Here’s the latest from the standoff in Oregon:
—“Go home.” That’s the message from David Ward, the sheriff of Harney County, Oregon, to the armed group that has taken over the Malheur National Wildlife Refuge. “You said you were here to help the citizens of Harney County. That help ended when a peaceful protest became an armed and unlawful protest.”
—Ryan Bundy, one of the leaders of the group that is now calling itself Citizens for Constitutional Freedom, told Oregon Public Broadcasting that the group would leave if the local community asked it to. “This is their county. We can’t be here and force this on them,” he said Monday. “If they don't want to retrieve their rights, and if the county people tell us to leave, we’ll leave.”
—His brother Ammon Bundy told a news conference that the group was forced into their actions. “It has been left to us to decide whether we allow these things to go on or whether we make a stand,” he said.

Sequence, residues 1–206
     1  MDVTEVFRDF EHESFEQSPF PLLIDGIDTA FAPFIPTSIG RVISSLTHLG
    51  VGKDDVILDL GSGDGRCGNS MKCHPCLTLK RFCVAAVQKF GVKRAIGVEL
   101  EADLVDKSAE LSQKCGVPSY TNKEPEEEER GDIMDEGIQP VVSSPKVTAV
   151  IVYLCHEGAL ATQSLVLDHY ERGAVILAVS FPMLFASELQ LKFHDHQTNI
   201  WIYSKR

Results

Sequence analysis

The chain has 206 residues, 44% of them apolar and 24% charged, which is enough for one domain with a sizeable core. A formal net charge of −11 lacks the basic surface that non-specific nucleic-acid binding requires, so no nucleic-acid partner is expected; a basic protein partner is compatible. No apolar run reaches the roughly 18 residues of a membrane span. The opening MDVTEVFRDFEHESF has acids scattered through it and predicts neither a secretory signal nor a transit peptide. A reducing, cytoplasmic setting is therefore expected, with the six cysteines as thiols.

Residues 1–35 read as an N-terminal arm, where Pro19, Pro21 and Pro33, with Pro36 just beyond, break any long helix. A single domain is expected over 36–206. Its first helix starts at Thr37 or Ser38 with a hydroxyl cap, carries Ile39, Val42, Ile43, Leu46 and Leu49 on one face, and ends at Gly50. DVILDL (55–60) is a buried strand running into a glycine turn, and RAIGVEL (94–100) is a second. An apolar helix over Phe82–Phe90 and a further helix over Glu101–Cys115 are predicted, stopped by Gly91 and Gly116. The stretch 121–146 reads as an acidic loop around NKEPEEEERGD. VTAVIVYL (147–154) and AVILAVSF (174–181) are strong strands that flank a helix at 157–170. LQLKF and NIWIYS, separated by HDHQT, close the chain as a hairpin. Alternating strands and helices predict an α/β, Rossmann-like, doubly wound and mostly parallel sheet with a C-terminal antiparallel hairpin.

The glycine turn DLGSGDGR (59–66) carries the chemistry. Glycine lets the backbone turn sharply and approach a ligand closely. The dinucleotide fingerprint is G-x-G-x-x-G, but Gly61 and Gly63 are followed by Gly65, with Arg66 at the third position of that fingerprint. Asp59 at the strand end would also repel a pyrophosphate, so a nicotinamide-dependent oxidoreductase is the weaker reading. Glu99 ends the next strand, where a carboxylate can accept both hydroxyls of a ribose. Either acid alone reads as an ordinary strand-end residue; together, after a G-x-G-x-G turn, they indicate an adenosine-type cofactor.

—The “these things” he’s referring to is the fate of Dwight Hammond, 73, and his son Steven Hammond, 43, who were convicted in 2012 of committing arson on public lands in 2001. They had claimed they set fire to the lands, which they leased from the government for grazing cattle, to fight off invasive species. Their actions got them five years in prison, the mandatory minimum for arson. They argued that was unconstitutional, and a trial court agreed and reduced their prison terms, but an appeals court eventually upheld the federal law, and a judge imposed the mandatory sentence last October. The Hammonds turned themselves in on Monday. Their attorney says the protesters do not speak for the Hammonds.